Evidence-Based Lawyer Regulation

Elizabeth Chambliss
The legal profession is losing its authority over the regulation of legal services. Recent changes in antitrust law have put state bar associations under a spotlight. Competition from technology companies and concerns about access to justice have increased political pressure for market liberalization. Independent research is challenging the unique value of lawyers’ services, even in formal legal proceedings, and this research is increasingly well-organized and well-funded at the national level.…

Criminal Clear Statement Rules

Carissa Byrne Hessick and Joseph E. Kennedy
There is a broad consensus in the criminal justice community that our criminal statutes are a mess: They are imprecise, overly broad, and overly punitive. Legislatures write these laws because there are significant political incentives for them to be “tough on crime” and few incentives for them to write carefully crafted laws. The problems of over-criminalization thus seem to be both a predictable yet intractable consequence of the incentives that…

Interstitial Space Law

Melissa J. Durkee
Conventionally, customary international law is developed through the actions and beliefs of nations. International treaties are interpreted, in part, by assessing how the parties to the treaty behave. This Article observes that these forms of uncodified international law—custom and subsequent treaty practice—are also developed through a nation’s reactions, or failures to react, to acts and beliefs that can be attributed to it. I call this “attributed lawmaking.” Consider the new…

Technologically Distorted Conceptions of Punishment

Jessica M. Eaglin
Much recent work in academic literature and policy discussions suggests that the proliferation of actuarial—meaning statistical—assessments of a defendant’s recidivism risk in state sentencing structures is problematic. Yet scholars and policymakers focus on changes in technology over time while ignoring the effects of these tools on society. This Article shifts the focus away from technology to society in order to reframe debates. It asserts that sentencing technologies subtly change key…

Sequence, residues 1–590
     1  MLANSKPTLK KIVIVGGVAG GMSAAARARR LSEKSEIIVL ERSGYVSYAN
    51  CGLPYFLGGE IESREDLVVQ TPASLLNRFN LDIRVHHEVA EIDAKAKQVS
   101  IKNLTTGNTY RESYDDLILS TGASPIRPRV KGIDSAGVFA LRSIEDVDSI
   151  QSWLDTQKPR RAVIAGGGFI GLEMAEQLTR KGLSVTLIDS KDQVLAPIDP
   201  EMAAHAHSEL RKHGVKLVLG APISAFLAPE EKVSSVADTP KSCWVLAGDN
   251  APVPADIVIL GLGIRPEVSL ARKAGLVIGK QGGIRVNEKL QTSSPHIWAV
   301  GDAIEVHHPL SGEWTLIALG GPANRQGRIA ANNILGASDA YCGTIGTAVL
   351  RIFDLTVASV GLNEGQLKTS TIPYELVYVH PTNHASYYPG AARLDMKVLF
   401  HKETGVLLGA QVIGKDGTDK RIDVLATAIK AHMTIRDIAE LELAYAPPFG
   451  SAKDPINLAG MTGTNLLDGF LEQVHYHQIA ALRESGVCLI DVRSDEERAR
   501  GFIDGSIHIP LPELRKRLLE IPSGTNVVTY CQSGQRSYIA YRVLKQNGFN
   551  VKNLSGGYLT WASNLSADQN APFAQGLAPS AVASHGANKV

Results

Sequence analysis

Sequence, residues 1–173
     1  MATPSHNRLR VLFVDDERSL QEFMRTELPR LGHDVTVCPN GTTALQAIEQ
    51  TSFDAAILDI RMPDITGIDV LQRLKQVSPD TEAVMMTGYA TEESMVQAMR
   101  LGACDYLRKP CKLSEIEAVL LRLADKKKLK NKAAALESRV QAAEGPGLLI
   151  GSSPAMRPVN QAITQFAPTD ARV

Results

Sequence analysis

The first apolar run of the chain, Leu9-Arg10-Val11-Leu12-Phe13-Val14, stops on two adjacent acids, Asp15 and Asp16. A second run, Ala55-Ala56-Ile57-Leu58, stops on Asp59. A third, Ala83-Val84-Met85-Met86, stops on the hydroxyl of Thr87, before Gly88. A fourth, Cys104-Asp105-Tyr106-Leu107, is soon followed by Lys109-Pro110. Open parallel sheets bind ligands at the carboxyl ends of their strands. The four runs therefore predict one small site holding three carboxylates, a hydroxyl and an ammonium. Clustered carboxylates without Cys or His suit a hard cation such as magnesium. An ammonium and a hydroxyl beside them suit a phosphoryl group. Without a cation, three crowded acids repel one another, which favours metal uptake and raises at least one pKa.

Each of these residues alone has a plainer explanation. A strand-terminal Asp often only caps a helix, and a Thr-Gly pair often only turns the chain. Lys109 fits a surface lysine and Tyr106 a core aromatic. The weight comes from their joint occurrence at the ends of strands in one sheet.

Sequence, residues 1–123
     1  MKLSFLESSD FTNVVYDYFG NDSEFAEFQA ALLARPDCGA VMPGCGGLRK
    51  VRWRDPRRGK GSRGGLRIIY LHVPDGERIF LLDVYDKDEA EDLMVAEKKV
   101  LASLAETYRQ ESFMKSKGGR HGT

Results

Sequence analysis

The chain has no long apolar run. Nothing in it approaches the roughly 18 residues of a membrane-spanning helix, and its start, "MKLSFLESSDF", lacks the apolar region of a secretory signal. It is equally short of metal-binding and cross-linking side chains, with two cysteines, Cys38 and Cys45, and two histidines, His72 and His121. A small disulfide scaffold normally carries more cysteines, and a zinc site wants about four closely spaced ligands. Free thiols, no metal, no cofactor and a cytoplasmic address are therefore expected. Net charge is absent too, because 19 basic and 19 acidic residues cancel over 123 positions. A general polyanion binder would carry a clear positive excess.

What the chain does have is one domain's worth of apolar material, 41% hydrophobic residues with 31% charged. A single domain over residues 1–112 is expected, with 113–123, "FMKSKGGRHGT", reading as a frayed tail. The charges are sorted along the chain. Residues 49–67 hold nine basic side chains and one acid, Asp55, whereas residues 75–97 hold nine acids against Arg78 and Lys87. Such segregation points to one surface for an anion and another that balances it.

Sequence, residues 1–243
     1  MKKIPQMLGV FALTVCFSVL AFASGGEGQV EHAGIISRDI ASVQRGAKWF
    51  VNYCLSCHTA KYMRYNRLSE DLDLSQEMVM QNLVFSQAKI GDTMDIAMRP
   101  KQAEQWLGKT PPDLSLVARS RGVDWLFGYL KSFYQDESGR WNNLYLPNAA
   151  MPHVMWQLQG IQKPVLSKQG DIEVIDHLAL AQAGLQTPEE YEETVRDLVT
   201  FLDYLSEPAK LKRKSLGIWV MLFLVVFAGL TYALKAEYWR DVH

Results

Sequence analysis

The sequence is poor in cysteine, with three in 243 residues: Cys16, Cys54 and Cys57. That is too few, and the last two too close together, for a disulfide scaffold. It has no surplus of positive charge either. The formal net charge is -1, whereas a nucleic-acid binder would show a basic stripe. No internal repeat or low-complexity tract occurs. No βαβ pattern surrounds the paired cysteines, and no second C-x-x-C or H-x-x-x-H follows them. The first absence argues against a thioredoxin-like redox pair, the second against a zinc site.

Border Searches of Electronic Devices

Rebecca M. Rowland
In fiscal year 2018, U.S. Customs and Border Protection (“CBP”) searched 33,295 electronic devices at the border without first needing a warrant.  In fiscal year 2015, only about 8,500 electronic devices were searched at the border; in fiscal year 2016 that number rose to about 19,000; in fiscal year 2017 the number of devices searched increased again to over 30,000.  The continued nontrivial increases in the number of electronic devices…

Blockchain Prediction Markets: Where They Came From, Why They Matter & How to Regulate Those Involved

Joshua D. Dubin
The basis of CFTC prediction market jurisdiction stems from its interpretation of trades in prediction markets as swaps of commodity futures and options contracts.  The CFTC has recognized that prediction markets have the capacity to facilitate information discovery and therefore benefit the public;  nevertheless, Commission staff have indicated that these public-interest benefits only extend to contracts related to subject matters which have generally-accepted and predictable financial, commercial, or economic consequences. …

Exploiting Pre-Existing Beliefs

Ahmed E. Taha
Advertisements and product labels for a wide range of consumer and investment products have highlighted product characteristics that some people erroneously believe make them superior to competitor goods and services. This article argues that these advertisements and labels are deceptive because they imply that those erroneous beliefs are accurate even if they don’t mention the erroneous beliefs. Moreover, these advertisements and labels can deceive even those individuals who have no…